Liz’s Weekend Poetry Series: From Hip Hop To Palestine

by lizard

It’s rare for poetry to become pundit fodder, but when president Obama got a little cultural on the 11th of this month, a ridiculous controversy only the right could conjure emerged. Here is the performance (which is not the controversy)

No, what lit the controversy up were these rather bland rhymes Common penned about Bush:

“Burn a Bush cos’ for peace he no push no button/Killing over oil and grease/no weapons of destruction”

Really? If that little jab at Bush butt-hurts Republicans, then maybe Ted Nugent can cheer them up:

or check out this delightful redneck anti-Obama rap:


Meanwhile, outside the United States of Absurdity, poetry that challenges state power has real world consequences. For example, in Yemen, a poet had his tongue cut out because of what he wrote:

Elements of the opposition coalition Joint Meeting Parties (JMP) allegedly sliced off the tongue of the young poet Walid Mohamed Ahmed al-Ramisi on Wednesday in the capital city Sana’a.

Local sources said that attackers captured al-Ramisi in Taiz Street and took him to a house where they cut off his tongue.

This was apparently in response to his poems that were critical against the JMP. Al-Ramisi expressed his support for the unity of Yemen and constitutional legitimacy.

In Mexico, poet Javier Sicilia has abandoned writing poetry altogether after his 24 year old son became one of the 40,000 casualties of President Calderon’s war against the drug cartels.

After burying his son, Juan Francisco, 24, a university student who was found bound and shot along with six friends in the city of Cuernavaca, Mr. Sicilia stood before well-wishers and read his latest work, an ode to his son:

The world is not worthy of words

they have been suffocated from the inside

as they suffocated you, as they tore apart your lungs …

the pain does not leave me

all that remains is a world

through the silence of the righteous,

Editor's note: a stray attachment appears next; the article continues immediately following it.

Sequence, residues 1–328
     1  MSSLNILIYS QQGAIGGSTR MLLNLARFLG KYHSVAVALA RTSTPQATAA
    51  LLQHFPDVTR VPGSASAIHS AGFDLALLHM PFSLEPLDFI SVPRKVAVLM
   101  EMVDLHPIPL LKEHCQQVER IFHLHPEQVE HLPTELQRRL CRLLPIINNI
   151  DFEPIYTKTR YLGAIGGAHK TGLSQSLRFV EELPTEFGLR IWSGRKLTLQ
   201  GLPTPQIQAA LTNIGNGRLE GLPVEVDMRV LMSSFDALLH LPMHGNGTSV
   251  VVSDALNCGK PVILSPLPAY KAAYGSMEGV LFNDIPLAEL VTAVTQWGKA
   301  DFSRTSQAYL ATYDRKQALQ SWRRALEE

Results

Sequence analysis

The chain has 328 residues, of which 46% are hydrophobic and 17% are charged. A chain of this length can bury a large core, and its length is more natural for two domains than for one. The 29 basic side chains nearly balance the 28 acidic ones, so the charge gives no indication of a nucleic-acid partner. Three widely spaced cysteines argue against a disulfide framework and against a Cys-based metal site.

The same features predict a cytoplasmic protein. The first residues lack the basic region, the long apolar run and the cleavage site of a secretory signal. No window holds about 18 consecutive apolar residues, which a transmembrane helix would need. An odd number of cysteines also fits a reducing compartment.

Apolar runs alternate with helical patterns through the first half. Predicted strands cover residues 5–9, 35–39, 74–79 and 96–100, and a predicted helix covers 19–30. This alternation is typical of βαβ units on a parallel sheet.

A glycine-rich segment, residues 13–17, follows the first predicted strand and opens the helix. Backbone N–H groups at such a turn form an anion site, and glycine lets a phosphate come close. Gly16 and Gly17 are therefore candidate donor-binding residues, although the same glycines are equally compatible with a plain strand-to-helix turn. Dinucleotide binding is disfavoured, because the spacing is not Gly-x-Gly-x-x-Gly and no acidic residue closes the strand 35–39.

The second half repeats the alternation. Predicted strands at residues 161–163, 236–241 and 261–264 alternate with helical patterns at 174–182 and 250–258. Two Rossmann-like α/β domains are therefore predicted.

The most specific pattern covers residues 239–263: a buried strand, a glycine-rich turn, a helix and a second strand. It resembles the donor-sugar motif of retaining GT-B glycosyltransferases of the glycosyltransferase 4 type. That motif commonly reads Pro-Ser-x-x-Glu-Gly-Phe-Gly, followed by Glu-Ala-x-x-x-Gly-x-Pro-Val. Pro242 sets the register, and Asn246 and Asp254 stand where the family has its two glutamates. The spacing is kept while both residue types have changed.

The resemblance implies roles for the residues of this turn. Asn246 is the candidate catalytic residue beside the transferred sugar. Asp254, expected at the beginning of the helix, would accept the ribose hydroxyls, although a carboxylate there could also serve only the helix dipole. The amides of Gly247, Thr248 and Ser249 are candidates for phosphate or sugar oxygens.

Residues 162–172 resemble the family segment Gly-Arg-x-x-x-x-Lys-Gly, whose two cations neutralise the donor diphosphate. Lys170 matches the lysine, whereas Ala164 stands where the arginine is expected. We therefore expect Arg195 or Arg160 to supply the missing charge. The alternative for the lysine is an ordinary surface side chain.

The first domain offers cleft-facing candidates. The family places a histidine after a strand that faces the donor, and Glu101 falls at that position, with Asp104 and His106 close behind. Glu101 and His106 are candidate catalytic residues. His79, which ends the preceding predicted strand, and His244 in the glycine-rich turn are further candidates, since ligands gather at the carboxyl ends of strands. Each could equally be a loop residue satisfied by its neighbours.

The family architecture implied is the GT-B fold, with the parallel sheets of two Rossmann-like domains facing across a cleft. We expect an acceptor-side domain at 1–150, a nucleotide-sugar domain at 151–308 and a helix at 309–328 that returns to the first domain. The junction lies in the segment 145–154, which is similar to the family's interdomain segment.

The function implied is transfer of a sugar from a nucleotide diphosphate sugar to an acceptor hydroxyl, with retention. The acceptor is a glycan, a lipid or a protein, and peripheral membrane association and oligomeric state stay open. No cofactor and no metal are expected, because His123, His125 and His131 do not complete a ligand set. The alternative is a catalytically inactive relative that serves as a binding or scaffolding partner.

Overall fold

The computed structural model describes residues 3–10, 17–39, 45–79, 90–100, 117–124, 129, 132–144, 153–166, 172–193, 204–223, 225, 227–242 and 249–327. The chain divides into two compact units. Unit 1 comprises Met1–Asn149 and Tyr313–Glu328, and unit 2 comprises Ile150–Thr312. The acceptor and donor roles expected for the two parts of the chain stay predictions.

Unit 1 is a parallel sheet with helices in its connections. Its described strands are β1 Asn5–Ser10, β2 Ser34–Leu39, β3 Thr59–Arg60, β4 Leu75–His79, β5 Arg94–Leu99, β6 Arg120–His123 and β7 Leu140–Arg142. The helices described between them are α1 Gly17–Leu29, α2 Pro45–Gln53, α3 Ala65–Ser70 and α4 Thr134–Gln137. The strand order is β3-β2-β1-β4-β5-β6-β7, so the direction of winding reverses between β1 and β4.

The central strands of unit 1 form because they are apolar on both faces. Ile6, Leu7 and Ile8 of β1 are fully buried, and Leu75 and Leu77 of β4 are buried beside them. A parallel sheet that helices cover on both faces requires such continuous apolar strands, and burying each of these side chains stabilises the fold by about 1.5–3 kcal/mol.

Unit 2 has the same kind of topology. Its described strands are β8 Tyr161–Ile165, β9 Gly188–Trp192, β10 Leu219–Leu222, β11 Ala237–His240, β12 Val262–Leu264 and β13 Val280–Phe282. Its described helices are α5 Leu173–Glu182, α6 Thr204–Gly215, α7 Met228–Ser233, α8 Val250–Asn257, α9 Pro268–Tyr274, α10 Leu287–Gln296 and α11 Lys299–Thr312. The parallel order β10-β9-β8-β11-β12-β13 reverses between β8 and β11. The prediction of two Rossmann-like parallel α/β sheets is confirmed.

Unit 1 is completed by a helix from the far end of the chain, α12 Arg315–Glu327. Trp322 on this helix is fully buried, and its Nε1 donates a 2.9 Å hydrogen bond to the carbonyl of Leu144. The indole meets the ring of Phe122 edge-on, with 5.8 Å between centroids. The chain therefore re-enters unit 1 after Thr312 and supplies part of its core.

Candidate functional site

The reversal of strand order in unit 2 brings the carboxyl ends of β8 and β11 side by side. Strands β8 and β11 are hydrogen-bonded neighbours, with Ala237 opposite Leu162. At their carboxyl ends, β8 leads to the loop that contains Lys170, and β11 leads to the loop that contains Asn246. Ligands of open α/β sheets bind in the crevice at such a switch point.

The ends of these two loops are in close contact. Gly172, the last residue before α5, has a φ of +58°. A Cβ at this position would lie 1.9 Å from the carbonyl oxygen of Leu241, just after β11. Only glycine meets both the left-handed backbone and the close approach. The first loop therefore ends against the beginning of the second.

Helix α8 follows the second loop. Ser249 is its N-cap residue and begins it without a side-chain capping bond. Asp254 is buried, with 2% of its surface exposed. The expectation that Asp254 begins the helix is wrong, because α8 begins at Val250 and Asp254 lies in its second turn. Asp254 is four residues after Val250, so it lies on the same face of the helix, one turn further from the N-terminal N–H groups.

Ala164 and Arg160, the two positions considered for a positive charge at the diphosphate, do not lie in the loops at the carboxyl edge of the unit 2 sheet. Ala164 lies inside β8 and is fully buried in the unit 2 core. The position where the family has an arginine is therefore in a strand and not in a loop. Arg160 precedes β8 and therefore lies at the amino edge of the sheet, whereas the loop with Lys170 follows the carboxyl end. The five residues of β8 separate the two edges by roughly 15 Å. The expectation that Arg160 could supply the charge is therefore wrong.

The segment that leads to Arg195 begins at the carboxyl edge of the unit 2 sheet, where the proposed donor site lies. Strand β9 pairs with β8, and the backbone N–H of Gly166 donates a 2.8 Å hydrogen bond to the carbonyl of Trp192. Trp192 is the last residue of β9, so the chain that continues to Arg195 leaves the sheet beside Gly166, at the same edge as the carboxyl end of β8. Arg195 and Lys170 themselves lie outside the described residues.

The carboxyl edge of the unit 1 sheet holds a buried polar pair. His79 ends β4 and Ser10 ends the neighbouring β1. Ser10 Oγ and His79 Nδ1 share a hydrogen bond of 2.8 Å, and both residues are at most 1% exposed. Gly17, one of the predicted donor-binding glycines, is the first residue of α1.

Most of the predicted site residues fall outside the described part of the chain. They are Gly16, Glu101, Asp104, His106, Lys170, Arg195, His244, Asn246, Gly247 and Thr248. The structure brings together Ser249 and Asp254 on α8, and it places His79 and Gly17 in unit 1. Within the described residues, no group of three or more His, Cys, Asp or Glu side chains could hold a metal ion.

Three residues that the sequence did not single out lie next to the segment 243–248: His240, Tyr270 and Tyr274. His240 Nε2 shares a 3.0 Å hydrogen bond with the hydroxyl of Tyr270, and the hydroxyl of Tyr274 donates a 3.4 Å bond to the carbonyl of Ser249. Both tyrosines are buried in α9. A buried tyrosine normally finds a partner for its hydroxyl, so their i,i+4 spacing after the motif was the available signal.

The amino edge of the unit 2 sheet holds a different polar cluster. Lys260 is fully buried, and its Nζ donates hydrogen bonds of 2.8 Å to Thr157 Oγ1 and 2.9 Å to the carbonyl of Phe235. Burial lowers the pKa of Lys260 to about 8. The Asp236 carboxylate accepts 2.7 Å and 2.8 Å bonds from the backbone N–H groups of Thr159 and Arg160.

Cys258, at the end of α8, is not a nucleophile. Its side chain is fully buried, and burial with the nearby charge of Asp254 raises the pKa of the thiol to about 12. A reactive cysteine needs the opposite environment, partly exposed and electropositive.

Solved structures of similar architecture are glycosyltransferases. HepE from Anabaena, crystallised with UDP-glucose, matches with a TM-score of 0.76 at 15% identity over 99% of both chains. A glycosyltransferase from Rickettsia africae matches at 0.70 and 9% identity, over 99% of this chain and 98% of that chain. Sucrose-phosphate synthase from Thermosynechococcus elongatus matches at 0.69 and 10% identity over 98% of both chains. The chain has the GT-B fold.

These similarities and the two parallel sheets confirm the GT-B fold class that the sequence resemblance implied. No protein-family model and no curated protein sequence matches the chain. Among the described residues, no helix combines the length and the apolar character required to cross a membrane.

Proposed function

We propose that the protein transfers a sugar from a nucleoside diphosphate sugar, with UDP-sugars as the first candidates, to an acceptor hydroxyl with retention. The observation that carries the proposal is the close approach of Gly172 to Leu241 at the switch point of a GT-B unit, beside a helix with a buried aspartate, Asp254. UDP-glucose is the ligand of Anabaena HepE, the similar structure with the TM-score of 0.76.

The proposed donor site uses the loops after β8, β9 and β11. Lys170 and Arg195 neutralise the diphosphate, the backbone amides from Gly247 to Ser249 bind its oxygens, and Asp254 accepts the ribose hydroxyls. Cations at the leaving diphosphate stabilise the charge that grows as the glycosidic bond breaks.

only through your silence and my silence, Juanelo.

Then, Mr. Sicilia, one of the country’s most acclaimed poets, told those who had gathered that they had just heard the last poem he would ever write.

“Poetry doesn’t exist in me anymore,” he explained later in an interview.

But that does not mean Mr. Sicilia has any intention of remaining quiet.

Since his unlikely tragedy, he has led two marches with the slogan “¡Hasta la madre!” — which roughly translates as “We have had it!” — and has issued a series of public denunciations, providing an exclamation point to this country’s campaign against drug cartel violence, which has left nearly 40,000 people dead in the four years since President Felipe Calderón began a crackdown on organized crime.

“What my son did was give a name and a face to the 40,000 dead,” Mr. Sicilia said. “My pain gave a face to the pain of other families. I think a country is like a house, and the destruction of someone is the destruction of our families.”

And from Mexico we travel to what may one day be the state of Palestine.

It appears Obama really is going to try and deploy his new steel-plated testicles to revive the dead-by-design mid-east peace process. I must admit I find the timing of this surprising. Poking Israeli extremists and AIPAC while gearing up for a reelection campaign seems unwise.

In conclusion, here is a poem from an anthology titled Poets For Palestine, edited by Remi Kanazi.



What kind of war is this?
—Amira Hass, Ha’aretz, April 19, 2002

This is a humanitarian operation.
All efforts have been made to protect
civilians. Homes demolished
above the heads of owners
ensure the absence of booby-traps.
Surely the dead are grateful:
this operation saved lives.

Our task is damage control.
Keep out the medical teams.
Let the voices beneath the rubble
fade away. Keep out the Red Cross,
the ambulances, the international observers,
the civilians bearing food and water:
mercy has no place
in the “city of bombers.”

Extermination of vipers’ nests
requires absolute precision.
Ignore the survivors
searching through ruins for shards
of their lives: a plate, a shoe,
a cup, a sack of rice. Ignore
the strewn body parts,
the leg twisted yards away
from the white and bloated hand;
the boys cradling a small charred foot.
Dismembered bodies
cannot remember themselves.

What remains? Only traces.
that photo (dead girl,
hand clutched at her side,
once-white ribbon still discernible
on her pallid profile,
ashen skin melting into the dust
that clogs her mouth):
nothing more than shadow
of the drowned, odor of mint
wafting from a grave.

Say it fast over and over:
this is not a massacre this
is not a massacre this is not
a massacre this is not a
massacre this is not
a massacre this is not a

for the people of Jenin, Palestine

—Lisa Suhair Majaj

  1. 1 An April Feast Of Poetry « 4&20 blackbirds

    […] From Hip Hop to Palestine […]

  2. 2 Liz’s Weekly Poetry Series: Anticipating April | 4&20 blackbirds

    […] From Hip Hop to Palestine […]

  3. 3 152 Poetry Posts to Celebrate April, National Poetry Month | 4&20 blackbirds

    […] From Hip Hop to Palestine […]

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